Irinotecan Combined with Bolus 5-Fluorouracil and Folinic Acid for Metastatic Colorectal Cancer: Is This Really a Dangerous Treatment? Academic Article uri icon

abstract

  • Rothenberg et al called for caution in the palliative use of irinotecan, 5-fluorouracil (5-FU) bolus and leucovorin (IFL schedule), because of early treatment related deaths in C89803 and N9741 studies. The objective of our multicenter phase II study was to evaluate the efficacy and safety of the combination of 5-FU bolus, folinic acid (FA) and irinotecan as first-line chemotherapy for metastatic colorectal cancer. From December 1999 to June 2002 138 patients (pts) were treated. The chemotherapy regimen was as follows: irinotecan 125 mg/m2 i.v. over 90 min and 5-FU 500 mg/m2 preceded by FA 20 mg/m2, both given by bolus, weekly, for 4 weeks every 6 weeks. Treatment continued until disease progression or unacceptable toxicity. Total number of administered cycles was 404. Average dose intensity was 75%. 47 out of 131 evaluable pts achieved a complete (n = 6) or partial (n = 41) response, leading to an overall response rate (RR) of 36% [95% confidence interval (CI) 24% to 48%], stable disease was registered in 50 (38%). The estimated median time to progression and survival were 6.5 months (95% CI 5.2-9.4) and 16.6 months (95% CI 15.1-19.3) respectively. Two-year survival was 35%. Toxicity was well manageable. In 18 (13.8%) pts the chemotherapy was stopped because of toxicity. Treatment related death was not observed. Close clinical monitoring, early recognition of toxicity, immediate therapeutic intervention are recommended for pts receiving IFL. In our experience this regimen has manageable toxicity and appropriate level of dose intensity and seems to be a good option for first-line therapy in metastatic colorectal cancer.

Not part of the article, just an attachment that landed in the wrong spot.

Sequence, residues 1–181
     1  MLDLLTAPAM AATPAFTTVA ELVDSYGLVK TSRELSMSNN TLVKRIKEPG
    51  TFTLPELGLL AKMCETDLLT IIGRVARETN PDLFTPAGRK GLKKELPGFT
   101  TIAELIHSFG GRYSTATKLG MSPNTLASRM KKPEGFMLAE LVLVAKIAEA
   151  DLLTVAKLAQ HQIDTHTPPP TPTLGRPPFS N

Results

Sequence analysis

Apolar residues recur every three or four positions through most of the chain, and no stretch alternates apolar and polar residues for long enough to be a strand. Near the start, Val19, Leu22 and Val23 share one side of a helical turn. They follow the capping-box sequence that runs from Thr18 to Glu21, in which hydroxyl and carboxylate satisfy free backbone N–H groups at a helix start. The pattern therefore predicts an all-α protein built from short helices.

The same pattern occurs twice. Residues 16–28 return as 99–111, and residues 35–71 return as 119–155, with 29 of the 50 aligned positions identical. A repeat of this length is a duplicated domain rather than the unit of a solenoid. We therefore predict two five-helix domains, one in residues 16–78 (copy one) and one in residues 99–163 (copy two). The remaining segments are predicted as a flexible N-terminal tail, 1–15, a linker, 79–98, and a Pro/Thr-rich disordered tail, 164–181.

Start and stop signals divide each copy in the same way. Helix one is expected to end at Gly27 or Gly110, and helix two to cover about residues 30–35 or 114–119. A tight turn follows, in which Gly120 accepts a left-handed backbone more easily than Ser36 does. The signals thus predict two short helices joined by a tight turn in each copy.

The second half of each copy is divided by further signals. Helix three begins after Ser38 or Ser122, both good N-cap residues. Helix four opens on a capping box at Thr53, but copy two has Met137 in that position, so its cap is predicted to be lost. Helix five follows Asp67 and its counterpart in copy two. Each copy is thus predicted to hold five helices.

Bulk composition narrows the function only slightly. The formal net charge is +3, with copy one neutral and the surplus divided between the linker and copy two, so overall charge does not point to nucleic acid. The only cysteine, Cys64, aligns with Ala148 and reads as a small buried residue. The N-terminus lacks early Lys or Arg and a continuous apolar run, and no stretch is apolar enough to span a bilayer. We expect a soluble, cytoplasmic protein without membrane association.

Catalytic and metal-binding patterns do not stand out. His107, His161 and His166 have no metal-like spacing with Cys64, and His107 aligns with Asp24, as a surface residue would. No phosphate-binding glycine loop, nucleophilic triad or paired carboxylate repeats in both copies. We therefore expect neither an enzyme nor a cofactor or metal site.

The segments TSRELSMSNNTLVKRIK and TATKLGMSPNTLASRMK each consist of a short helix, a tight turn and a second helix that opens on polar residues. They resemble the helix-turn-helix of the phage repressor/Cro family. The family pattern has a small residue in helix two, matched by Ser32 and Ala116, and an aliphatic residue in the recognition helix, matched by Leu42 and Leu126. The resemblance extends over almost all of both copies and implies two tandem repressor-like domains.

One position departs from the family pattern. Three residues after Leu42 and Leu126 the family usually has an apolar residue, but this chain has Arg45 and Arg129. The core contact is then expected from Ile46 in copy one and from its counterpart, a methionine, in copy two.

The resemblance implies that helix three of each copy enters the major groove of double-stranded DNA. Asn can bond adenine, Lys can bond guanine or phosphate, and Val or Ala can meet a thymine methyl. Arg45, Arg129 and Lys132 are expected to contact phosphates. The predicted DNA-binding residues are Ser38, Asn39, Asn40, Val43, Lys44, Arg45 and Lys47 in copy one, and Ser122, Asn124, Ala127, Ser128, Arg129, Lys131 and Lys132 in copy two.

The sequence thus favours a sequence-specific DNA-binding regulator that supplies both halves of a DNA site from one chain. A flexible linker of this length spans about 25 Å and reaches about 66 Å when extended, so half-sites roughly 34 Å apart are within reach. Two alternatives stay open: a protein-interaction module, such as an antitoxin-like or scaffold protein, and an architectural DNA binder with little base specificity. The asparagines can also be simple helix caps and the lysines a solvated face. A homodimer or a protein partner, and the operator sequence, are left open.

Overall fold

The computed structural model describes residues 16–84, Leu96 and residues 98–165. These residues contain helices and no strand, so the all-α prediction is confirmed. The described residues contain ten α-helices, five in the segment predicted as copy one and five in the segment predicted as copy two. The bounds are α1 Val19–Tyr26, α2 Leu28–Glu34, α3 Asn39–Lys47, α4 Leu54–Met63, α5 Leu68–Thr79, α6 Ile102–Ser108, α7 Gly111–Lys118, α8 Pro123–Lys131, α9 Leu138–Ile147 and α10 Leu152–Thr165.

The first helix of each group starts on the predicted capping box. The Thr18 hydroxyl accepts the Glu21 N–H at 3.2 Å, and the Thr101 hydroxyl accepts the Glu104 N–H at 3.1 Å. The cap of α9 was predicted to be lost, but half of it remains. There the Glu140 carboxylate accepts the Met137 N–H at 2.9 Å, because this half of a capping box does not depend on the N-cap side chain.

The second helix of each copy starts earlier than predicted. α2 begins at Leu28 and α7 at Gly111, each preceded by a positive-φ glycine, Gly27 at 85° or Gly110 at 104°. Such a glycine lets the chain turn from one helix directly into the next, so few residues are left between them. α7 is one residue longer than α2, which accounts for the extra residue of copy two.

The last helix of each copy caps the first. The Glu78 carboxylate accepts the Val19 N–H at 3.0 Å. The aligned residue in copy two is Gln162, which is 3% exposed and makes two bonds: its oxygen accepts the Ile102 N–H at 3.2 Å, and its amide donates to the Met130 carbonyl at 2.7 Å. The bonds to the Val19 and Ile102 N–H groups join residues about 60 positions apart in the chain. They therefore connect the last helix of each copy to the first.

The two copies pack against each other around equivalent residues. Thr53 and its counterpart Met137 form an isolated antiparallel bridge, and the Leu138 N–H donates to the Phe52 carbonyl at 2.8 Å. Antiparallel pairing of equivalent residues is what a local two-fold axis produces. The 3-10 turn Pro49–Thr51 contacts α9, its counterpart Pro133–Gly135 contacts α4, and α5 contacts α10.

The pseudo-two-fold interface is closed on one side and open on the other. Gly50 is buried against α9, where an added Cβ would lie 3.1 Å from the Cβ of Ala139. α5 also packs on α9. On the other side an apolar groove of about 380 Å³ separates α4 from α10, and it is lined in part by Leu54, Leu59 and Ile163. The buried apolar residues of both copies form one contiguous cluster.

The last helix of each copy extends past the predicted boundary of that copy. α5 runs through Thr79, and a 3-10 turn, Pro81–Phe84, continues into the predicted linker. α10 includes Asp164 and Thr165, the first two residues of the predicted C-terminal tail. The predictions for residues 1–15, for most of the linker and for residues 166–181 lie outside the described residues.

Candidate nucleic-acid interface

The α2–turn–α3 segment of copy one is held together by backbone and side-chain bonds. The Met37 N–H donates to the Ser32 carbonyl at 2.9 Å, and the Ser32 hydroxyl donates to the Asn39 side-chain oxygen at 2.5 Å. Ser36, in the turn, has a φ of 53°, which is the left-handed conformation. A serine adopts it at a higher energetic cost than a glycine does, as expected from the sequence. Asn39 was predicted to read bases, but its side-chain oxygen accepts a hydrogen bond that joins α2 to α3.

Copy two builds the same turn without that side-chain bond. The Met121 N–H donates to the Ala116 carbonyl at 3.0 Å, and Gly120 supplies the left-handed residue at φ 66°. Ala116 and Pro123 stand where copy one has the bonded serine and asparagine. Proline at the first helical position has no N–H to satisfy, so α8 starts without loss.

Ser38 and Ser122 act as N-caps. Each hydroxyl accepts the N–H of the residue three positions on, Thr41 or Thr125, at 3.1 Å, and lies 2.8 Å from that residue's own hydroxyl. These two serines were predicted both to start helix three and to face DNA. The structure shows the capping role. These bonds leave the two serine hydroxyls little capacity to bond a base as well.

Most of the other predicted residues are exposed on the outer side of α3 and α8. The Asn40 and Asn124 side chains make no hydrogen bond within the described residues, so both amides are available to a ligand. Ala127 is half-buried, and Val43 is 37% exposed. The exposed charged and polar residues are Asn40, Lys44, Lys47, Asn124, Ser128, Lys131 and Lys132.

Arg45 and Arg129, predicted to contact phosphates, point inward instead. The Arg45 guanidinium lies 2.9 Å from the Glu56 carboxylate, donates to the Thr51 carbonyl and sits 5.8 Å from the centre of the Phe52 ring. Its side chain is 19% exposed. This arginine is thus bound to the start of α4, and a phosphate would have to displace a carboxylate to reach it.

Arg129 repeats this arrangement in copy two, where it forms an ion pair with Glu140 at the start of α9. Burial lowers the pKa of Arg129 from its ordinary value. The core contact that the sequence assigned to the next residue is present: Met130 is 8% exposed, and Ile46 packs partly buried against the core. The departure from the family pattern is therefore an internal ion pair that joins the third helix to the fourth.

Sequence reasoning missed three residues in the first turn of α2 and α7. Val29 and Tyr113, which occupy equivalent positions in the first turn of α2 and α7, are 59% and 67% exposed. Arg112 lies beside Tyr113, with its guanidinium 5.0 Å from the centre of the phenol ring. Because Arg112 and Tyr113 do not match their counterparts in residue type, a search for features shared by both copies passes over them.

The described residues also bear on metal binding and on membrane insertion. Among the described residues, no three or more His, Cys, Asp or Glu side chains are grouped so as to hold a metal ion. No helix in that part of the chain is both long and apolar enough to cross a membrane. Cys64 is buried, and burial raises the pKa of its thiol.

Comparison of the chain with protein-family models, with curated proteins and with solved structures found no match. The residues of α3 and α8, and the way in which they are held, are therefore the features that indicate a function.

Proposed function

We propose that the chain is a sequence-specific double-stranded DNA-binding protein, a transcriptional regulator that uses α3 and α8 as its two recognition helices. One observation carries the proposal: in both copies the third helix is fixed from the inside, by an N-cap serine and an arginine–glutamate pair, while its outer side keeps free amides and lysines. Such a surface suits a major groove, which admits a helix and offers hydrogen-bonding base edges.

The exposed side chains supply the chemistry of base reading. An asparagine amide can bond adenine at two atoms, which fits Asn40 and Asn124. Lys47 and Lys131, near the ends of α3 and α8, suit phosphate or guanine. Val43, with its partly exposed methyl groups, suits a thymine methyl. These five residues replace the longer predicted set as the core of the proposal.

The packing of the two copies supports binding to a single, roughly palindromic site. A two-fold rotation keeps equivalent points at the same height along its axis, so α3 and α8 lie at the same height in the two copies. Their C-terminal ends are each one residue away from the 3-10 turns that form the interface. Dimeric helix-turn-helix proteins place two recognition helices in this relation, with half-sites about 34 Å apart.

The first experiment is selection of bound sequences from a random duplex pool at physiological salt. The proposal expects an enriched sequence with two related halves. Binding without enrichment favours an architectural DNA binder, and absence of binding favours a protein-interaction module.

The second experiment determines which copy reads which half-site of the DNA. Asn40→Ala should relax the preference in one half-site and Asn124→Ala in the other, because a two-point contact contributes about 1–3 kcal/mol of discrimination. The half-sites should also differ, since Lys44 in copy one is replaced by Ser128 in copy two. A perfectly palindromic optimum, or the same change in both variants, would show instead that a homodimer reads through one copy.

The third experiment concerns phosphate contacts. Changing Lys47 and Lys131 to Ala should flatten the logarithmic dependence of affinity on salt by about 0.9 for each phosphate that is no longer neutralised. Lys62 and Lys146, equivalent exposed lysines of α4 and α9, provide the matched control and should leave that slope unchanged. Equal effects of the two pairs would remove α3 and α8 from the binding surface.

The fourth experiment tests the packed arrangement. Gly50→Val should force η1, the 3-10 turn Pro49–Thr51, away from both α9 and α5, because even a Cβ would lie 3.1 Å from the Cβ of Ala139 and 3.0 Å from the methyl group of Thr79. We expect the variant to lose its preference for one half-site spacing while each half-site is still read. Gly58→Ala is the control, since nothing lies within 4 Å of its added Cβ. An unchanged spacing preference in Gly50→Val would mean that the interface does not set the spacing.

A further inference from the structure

publication date

  • January 1, 2004